Although there are many causes of the Dust Bowl the three most significant causes were the drought, removal of grass and the overproduction of crops in the Great Plains. The drought greatly dried out the land in the Great Plains. Removal of grass was also crucial during World War I because of the demand for wheat, but it was not during the Dust Bowl. By removing the grass it created much more room for storms to pick up the dirt and destroy
The first cause is the drought. So much land was being harvested on for crops. How this affects the Dust Bowl is since there was little rainfall for four years(Doc E), if soil isn’t watered it turns into dust after a while. A lot of land was being harvested on, and a lot of land with soil that isn’t watered can turn into dust.
Then, when World War I ended, the demand for wheat and other crops fell as did the prices. To compensate for this loss, farmers dug up more land and planted more crops which only further hurt the soil. Another cause of the Dust Bowl was farm animals. Livestock was a good source of meat and dairy products but they also consumed a lot of grass which was already being torn up. When the grass was eaten and the soil wasn’t healthy enough to support plants, many of the animals died.
People’s personal lives were affected dreadfully. “The simplest acts of life — breathing, eating a meal, taking a walk — were no longer simple.”. The Dust Bowl was a eerie era caused by poor farming and a race for money, America hopes it will not happen
When grass is pulled up the dust has nothing to stick to. When a gust of wind blows across that dirt it carries it into the air, creating a dust storm. Another cause of the dust bowl is drought. According to document E, In the 1930’s there were nine years of below average rainfall. The average rainfall is 20 inches.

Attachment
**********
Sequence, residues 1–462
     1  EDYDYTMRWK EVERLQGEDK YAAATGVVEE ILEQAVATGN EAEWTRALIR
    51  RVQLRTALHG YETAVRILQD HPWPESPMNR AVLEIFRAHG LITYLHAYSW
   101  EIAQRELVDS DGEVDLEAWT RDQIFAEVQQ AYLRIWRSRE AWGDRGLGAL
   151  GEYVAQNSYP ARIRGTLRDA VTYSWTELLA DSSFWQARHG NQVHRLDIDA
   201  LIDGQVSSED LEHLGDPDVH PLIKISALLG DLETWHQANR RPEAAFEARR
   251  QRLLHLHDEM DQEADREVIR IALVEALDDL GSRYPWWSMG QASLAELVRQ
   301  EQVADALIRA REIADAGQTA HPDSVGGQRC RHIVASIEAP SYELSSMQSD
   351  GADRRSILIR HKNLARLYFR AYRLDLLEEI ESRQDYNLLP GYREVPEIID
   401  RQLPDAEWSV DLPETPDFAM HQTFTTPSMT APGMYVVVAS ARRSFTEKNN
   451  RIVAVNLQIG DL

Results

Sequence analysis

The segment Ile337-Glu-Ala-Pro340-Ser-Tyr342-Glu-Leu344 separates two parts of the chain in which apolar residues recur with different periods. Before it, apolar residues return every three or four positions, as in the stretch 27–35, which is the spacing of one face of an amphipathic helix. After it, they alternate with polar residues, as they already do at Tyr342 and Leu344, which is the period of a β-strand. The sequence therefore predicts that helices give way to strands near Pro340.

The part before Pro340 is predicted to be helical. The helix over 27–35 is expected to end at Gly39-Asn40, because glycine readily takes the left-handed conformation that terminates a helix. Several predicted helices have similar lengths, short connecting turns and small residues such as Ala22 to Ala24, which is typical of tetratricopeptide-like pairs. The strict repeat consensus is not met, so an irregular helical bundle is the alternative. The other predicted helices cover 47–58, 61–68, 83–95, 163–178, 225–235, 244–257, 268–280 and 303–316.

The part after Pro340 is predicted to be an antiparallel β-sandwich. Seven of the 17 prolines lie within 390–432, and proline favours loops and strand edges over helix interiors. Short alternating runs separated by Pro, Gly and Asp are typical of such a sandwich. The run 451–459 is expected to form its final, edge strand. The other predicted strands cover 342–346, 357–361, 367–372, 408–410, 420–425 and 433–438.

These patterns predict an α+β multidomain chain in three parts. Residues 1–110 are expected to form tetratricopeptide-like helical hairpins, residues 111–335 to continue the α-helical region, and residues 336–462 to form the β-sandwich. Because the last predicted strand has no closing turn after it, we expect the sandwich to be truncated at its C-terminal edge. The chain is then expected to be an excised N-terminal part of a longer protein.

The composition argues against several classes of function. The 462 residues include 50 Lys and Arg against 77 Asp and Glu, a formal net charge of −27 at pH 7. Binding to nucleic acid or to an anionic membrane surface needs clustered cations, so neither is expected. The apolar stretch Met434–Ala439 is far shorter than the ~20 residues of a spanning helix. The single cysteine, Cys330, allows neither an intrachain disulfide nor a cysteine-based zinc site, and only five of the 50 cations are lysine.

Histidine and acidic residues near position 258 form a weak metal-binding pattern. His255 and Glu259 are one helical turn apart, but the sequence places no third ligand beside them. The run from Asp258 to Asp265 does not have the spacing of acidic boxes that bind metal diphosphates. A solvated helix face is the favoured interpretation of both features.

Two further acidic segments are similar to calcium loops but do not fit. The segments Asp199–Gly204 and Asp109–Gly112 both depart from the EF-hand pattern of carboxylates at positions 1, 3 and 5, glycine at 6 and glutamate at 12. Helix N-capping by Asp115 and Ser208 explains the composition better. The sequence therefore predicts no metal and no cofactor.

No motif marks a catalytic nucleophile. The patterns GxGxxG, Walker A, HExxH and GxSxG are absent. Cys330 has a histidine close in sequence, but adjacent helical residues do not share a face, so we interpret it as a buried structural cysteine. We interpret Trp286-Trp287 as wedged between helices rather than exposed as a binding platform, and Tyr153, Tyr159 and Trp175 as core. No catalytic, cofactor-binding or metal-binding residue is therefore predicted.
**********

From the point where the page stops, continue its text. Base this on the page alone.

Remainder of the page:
and continued to be a problem after the Dust Bowl ended. After comparing the destruction during and after of the grasshoppers and the dust storms, looking at the destruction the grasshoppers did specifically, and noticing how both events left destruction in their path, grasshoppers did cause more destruction than the man-made storm, and mother nature
Dust storms wrecked havoc and choked cattle. Farmers couldn’t make money because their crops were destroyed. The rains of dust were called “Black Blizzards.” The Dust Bowl drove 60% population out of the region. By 1940 2.5 million people fled the region. Farmers by then lost all their crops and all money they could have made.
Also known as the dirty thirties, The dust bowl years were the years that dust storms greatly damaged thousands of homes, lives, and the economy. Originally the Dust Bowl was the name given from the Great Plains region, consumed by the so called drought in the 1930’s. Many who had gone through the Dust Bowl; pointed fingers at the dought, little did they know that The Dust Bowl originally was caused by heavy mechanism, and heavy mechanism came from farmers over doing farms. The Dust Bowl was held responsible for the dust storms in parts of Oklahoma, Texas, Kansas, Colorado, and New Mexico. With little rainfall, soft soil, and crazy winds, The Dust Bowl was held accountable for the death of many.
o Kill A Mockingbird is where a little girl named scout watched her dad defend blacks against whites. It also relates to the Dust Bowl. In the book a guy named Mr.Cunningham had to pay people with food because the Dust Bowl destroyed a lot of things and the people who were affected by it were basically left with nothing. The Dust Bowl was were down in some of the southern states there was a lot of wind and it cause a ton of dust to rise and destroy everything. It happened down around Texas and Oklahoma.
The Dust Bowl describes an area in the Great Plains that was devastated by drought during the Great Depression. The area stretched from western Arkansas to the Oklahoma and Texas panhandles to New Mexico, Kansas, North Dakota, South Dakota and Colorado and into Missouri. The term “dust bowl” originally meant a geographical area in the Great Plains but is now referred to the time setting for when the storms occurred. The storms came in three waves, 1934, 1936, and 1939-40. Some of the affected regions experienced drought-like conditions for period as long as eight years.